Activated Phosphate Reagents for the Synthesis of Functionalized Oligophosphates
Author(s)Shepard, Scott M.
Cummins, Christopher C.
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Oligophosphates play essential roles in biochemistry, and considerable research has been directed towards the synthesis of both naturally occurring oligophosphates and their synthetic analogs. However, oligophosphates longer than triphosphates have been less well studied than shorter analogs. Here we have expanded the synthetic knowledge of these important compounds through the development of new reagents and methodologies for chemical oligophosphorylation. We developed and elaborated reagents for di-, tri-, and tetra- phosphorylation which react with a wide variety of nucleophiles to generate a library of oligophosphate products ranging from triphosphates to pentaphosphates. Furthermore, preliminary studies were undertaken to further elaborate the roles these oligophosphate play in biology. Trimetaphosphate reacts with PyAOP ([(H₈C₄N)₃PON₄C5H₃][PF₆]), to yield an activated species, [P₃O₉P(NC₄H₈)₃] − isolated as its bis(triphenylphosphine)iminium (PPN) salt. Treatment of this activated trimetaphosphate with a variety of simple nucleophiles, such as alcohols and amines, generates nucleophile substituted trimetaphosphate products. The activated trimetaphosphate compound furthermore reacts with methylenetriphenylphosphorane to generate a trimetaphosphate based phosphorus ylide capable of P–C bond formation through Wittig chemistry. Ring opening of these substituted trimetaphosphate products with hydroxides results in linear triphosphate derivatives. Adenosine and uridine 5′-tetra- and 5′-pentaphosphates were synthesized by treatment of the unprotected nucleosides or nucleoside monophosphates with an activated tetrametaphosphate ([PPN]₂ [P₄O₁₁]) and subsequent ring opening with hydroxide. These nucleotides were then tested for inhibition of the enzymatic activity of ribonuclease A. We then solved X-ray co-crystal structures of the highest affinity nucleotide binders to rationalize the increased binding affinity of longer nucleotides. The anion [P4O₁₁] ²⁻, employed as its bis(triphenylphosphine)iminium (PPN) salt, was shown herein to be a versatile reagent for nucleophile tetraphosphorylation. Treatment with a nucleophile (amines, alcohols, phosphates, ylide, azide) yields a nucleophile substituted tetrametaphosphate intermediate that was then ring opened with a second nucleophile (hydroxide, amine, phenoxide, fluoride) to give a wide variety of tetra- and pentaphosphate derivatives. Diphosphorylation of select nucleophiles was achieved by treatment with neutral, doubly zwiterrionic adducts of nucleophilic tertiary amines (pyridine, DABCO) and P₂O₅. The adducts were easily synthesized by reaction of the tertiary amine with polymeric phosphorus pentoxide in acetonitrile. The resulting adducts are competent diphosphorylation reagents, capable of generating unsymmetric dinucleoside tetraphosphates from nucleoside monophosphates or nucleoside tetraphosphates from nucleoside diphosphates.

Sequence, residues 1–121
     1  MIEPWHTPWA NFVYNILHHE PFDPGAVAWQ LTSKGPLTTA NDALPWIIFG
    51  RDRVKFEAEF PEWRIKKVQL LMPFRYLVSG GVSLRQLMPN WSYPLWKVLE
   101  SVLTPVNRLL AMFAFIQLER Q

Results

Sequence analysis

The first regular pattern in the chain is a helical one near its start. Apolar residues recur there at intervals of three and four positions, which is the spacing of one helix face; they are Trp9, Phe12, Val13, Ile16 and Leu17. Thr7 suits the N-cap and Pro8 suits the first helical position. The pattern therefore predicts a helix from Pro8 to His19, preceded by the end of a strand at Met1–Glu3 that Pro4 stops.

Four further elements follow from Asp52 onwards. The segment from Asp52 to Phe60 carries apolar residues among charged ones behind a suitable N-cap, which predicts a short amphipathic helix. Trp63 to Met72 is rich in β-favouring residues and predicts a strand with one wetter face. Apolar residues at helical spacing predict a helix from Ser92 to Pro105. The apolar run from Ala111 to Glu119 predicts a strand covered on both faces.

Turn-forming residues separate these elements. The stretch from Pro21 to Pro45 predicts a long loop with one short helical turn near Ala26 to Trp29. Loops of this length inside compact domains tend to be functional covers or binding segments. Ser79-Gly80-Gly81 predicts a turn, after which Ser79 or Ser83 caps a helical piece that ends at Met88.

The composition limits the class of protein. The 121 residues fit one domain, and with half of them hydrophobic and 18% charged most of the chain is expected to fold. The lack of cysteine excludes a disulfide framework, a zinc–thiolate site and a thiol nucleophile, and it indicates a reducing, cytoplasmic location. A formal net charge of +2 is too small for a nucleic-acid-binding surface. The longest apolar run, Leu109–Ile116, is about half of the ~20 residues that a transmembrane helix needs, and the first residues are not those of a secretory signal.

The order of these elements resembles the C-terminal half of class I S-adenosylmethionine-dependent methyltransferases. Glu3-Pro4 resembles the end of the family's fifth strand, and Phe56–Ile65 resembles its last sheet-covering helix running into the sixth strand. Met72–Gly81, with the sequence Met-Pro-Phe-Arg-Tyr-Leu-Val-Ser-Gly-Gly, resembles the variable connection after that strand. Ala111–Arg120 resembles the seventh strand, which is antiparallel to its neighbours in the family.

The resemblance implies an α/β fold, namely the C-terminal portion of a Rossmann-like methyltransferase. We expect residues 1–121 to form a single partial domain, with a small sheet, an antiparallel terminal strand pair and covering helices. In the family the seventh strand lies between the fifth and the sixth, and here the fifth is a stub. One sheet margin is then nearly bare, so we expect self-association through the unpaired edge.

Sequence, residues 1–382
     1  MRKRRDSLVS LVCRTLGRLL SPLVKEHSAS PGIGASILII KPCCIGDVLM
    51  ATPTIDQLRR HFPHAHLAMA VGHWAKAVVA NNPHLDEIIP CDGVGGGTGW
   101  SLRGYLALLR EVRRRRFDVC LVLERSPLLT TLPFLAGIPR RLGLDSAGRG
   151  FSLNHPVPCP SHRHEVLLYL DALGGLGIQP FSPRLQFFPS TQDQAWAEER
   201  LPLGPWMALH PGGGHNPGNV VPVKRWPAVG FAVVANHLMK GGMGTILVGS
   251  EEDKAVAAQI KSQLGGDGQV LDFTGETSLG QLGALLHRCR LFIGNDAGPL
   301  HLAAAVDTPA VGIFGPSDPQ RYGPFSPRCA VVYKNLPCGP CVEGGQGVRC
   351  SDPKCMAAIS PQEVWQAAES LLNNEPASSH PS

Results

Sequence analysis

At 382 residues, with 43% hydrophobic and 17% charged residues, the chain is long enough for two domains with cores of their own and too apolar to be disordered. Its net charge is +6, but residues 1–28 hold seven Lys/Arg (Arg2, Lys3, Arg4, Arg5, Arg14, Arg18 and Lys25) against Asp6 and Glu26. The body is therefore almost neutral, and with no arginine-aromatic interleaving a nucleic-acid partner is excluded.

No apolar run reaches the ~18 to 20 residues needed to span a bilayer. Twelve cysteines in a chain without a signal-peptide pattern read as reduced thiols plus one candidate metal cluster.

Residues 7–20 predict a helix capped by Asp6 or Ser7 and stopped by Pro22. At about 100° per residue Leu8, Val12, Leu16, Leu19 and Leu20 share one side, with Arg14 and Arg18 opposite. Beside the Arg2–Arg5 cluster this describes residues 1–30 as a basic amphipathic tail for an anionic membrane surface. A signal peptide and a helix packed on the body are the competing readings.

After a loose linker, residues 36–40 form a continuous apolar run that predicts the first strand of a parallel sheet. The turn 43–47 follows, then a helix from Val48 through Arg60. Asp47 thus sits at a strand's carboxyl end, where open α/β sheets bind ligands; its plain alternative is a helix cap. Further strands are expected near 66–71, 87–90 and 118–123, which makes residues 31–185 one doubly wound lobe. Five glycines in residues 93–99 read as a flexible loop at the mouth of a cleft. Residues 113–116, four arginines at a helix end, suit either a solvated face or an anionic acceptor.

DepartmentMassachusetts Institute of Technology. Department of Chemistry
Massachusetts Institute of Technology